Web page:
Friday, September 01, 2006

The House You Pass On the Way, reviewed by Theodora Ranelli

The House You Pass on the Way by Jacqueline Woodson
Please read this book. Do not read the review, do not pass go, just read the book.

The House You Pass on the Way is an incredible book, rich with language and layers. This book is only 99 pages long, but manages to fill many different voids. Staggerlee is fourteen and re-names herself after the character in the song when she realizes that the words were more about someone trying to shake off their chains than about a murder. She decides that she is going to shake off her chains. Living in the South, she is ostracized because her mother is White (her extended family shun them for this reason as well) and her grandparents are famous (deceased, but famous). She kissed a girl once and people made fun of her, since then she thought loving a woman was a bad thing. A cousin she never knew comes to stay with her for the summer and the two form an intense connection. This girl named herself ‘Trout’ because she wanted to be a fighter. They discus racism, family, identity, and sexuality as they wonder who they are. After Trout’s gone and seems to be headed in an opposite direction, Staggerlee wonders about herself, who she will become, and understands that she’ll have to go alone.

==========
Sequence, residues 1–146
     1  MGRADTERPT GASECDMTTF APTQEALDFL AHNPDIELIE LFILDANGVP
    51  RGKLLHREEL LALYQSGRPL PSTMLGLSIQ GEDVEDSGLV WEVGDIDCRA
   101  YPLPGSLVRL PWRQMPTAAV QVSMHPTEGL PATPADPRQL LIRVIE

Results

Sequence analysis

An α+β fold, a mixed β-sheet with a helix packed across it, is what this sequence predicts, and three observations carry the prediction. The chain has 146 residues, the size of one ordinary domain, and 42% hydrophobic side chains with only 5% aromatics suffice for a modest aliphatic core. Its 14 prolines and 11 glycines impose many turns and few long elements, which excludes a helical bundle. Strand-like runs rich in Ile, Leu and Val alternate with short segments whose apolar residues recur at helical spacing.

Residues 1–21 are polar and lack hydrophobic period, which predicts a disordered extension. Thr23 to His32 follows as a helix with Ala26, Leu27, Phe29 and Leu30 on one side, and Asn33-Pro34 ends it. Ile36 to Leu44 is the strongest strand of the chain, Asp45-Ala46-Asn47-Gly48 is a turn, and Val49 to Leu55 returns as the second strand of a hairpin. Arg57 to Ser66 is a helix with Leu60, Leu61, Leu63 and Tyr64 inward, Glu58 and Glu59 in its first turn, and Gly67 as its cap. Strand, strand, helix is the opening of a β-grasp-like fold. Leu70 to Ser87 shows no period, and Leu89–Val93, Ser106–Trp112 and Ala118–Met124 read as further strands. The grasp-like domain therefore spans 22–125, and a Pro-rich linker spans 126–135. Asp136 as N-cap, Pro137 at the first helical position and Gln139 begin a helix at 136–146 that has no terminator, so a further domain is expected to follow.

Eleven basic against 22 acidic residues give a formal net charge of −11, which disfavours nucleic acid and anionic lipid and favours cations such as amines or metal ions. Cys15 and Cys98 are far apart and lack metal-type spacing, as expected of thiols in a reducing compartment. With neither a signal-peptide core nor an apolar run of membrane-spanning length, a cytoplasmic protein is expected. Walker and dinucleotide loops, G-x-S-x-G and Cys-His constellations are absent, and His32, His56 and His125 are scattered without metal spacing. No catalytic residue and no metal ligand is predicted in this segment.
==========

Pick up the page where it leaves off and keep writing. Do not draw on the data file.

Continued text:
A wonderful depiction of how sometimes there are no easy answers, of the importance to keep moving even if you do not understand, of giving yourself over to the ride. The music adds to the book's texture. I saw Staggerlee's harmonica as something that she will always have, even if life erupts in chaos.

This review really does not do the book justice. Woodson packs quite a punch. Haunting, rare, and needed.

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